Last week I came across a product called Reverse Collage Glue from a craft supply company called Aleene’s. I was simply amused. What an unnecessary product. Any clear drying glue will work just fine, products like Golden Medium or GAC or even plain old Elmer’s.
As the “inventor” of Reverse Collage I can say there is no need for any special glue.
Wednesday, August 31, 2011
Recently I wrote about seeking out smaller museums when on the road. Well I have to add the Long Beach Museum of Art to the list. Last weekend I visited Long Beach for the first time. The setting of the museum itself is a winner. It was warm and sunny (definitely not San Francisco in the Summer). The museum sits on a bluff overlooking a beach and the expanse of Long Beach Harbor with the Pacific as a backdrop. It’s a two building museum with an historic Arts & Crafts house and an architecturally appropriate contemporary museum building that houses most of the collection.
The current highlight of the museum is an exhibit called Ray Turner: Population. Long Beach artist Ray Turner has a created a series of portraits of the people of Long Beach. They are all done on thick plates of glass and installed in a grid. Phenomenal painting plus a grid — I was in heaven. If this show was up in San Francisco, I’d have to see it three or four times before it left town. Like so much great painting, photographs just do not do the work justice. The show is only up in Long Beach until September 11th. From there it travels to a museum in the Midwest. This is a work in progress and I hope it can make a stop up in the Bay Area sometime in 2012.
Tuesday, August 30, 2011
I’ve been a regular museum visitor all my life. One of my habits is always to “visit” my favorite paintings on each visit. I can’t go into the de Young without saying hello to Elmer Bischoff’s Yellow Lampshade. I have a handful of must sees every time I pop into the de Young. I miss Charles Burchfield’s Spring Flood. They haven’t had it up since the new museum opened. If they don’t want to display it, I would gladly give it a home.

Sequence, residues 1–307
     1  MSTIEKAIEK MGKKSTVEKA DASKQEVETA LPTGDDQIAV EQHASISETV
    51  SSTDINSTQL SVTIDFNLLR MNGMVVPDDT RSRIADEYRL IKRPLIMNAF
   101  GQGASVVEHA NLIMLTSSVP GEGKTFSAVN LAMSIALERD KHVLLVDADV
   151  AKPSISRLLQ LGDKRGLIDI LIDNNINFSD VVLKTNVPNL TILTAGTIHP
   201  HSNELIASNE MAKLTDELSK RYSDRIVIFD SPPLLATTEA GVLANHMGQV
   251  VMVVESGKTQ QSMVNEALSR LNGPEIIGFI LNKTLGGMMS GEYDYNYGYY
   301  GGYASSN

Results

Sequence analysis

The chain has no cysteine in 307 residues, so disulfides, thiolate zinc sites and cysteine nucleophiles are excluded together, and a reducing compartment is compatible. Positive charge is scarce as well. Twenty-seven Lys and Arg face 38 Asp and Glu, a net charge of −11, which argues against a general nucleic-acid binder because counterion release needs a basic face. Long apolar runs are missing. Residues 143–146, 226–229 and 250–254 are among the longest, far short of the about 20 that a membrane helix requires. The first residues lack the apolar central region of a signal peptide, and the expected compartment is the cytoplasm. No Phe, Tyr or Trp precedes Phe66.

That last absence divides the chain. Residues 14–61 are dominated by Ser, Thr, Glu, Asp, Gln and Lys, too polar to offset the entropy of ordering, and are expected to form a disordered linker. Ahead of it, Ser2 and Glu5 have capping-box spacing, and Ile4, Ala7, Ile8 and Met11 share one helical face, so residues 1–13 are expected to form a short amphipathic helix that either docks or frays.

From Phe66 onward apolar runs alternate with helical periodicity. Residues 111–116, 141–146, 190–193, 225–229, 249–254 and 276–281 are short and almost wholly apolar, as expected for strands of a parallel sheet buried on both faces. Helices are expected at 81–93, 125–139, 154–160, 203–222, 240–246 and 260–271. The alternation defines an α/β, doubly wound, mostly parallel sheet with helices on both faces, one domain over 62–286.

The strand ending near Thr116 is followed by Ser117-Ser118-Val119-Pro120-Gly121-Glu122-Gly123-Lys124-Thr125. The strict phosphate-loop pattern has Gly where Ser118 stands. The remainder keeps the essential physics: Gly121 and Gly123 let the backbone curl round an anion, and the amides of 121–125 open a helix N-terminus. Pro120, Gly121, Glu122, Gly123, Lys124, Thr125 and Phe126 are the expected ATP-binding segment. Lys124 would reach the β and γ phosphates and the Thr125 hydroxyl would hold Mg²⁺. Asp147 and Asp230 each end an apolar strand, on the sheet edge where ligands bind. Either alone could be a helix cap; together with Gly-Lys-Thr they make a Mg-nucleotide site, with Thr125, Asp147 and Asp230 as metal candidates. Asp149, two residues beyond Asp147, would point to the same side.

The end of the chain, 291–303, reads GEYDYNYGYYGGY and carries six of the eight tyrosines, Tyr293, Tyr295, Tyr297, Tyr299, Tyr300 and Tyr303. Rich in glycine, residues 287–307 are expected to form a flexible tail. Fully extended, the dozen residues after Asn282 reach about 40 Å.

I have a few favorites at pretty much any art museum I regularly visit, even museums beyond the Bay Area. I was just down in Los Angeles at the LACMA. I took the opportunity to introduce my nephew and young cousin to a few of my friends at the museum. Thomas Hart Benton’s The Kentuckian is a perennial favorite.
If I wasn’t an artist, I’d want to be a curator. I would love an opportunity to curate some museum shows. I have a head full of ideas. Maybe one day the world will come to see Tofu’s Favorite Works and then everyone can endlessly analyze why I chose what a chose for the show. But I am getting ahead of myself, I haven’t even designed the coffee mugs for the gift shop.
Wednesday, August 10, 2011
Joshua Tree National Park celebrates its 75th Anniversary today. I still tend to call it “The Monument” recalling that it was only recently changed from a National Monument to a National Park. I’ve been visiting once or twice a year for nearly 20 years now. And it’s nice to acknowledge the 75th Anniversary, but the place is timeless. So much of my inspiration emanates from Joshua Tree. My artwork would not be the same without Joshua Tree National Park.
Tuesday, August 9, 2011
I am a road tripper. I have traveled all over the Western United States on numerous road trips. It’s a style of travel that I enjoy. It gets me to national and state parks as well as many historical sites. My other interest when I travel is art. Unfortunately many travelers only think of art museums when visiting the biggest cities. I know plenty of people who will visit national parks, but they only think about going to art museums when they are in cities like San Francisco, New York, London, etc. When you’re on the road, I think it is important to seek out art museums.
Most of my favorite “road trip” museums are smaller than big city museums. Many of them are located in smaller cities. I would never advise anyone to take a trip to Reno or Boise for the purpose of just going to the art museum. But, I would definitely say you don’t want to miss either museum if you find yourself in Reno or Boise These are both small city museums with solid regional collections. It’s an opportunity to see work by artists that often have been overlooked by big city museums. Smaller museums also get traveling shows that usually feature less well known and emerging artists. The big cities get the blockbusters, but some of the most interesting art I have seen has been in these far flung museums.
Sometimes these small cities are not that small. Many large cities are normally not thought of as destinations to visit art museums. Portland, Phoenix and El Paso all have solid art museums worth taking a look at. Many people pass through El Paso on their art pilgrimages to Marfa, Texas. Marfa is amazing, but it’s a shame more art lovers don’t spend a few hours in the El Paso Museum of Art. It’s also a striking architectural space in a converted Greyhound Bus Terminal.
Often the small museums are in small cities known for their wealthy retirees. Museums in places like Palm Springs, Palm Beach and Santa Barbara all have collections of big name art donated by wealthy local patrons. Because these museums usually only have one piece by a major artist, their collections are often overlooked when large traveling shows are curated. The collections in these smaller museums rarely find their way into art books as well. Santa Barbara has quite a few treasures of this kind, and you’re going to have visit if you want to see paintings like a fantastic George Belllows streetscape.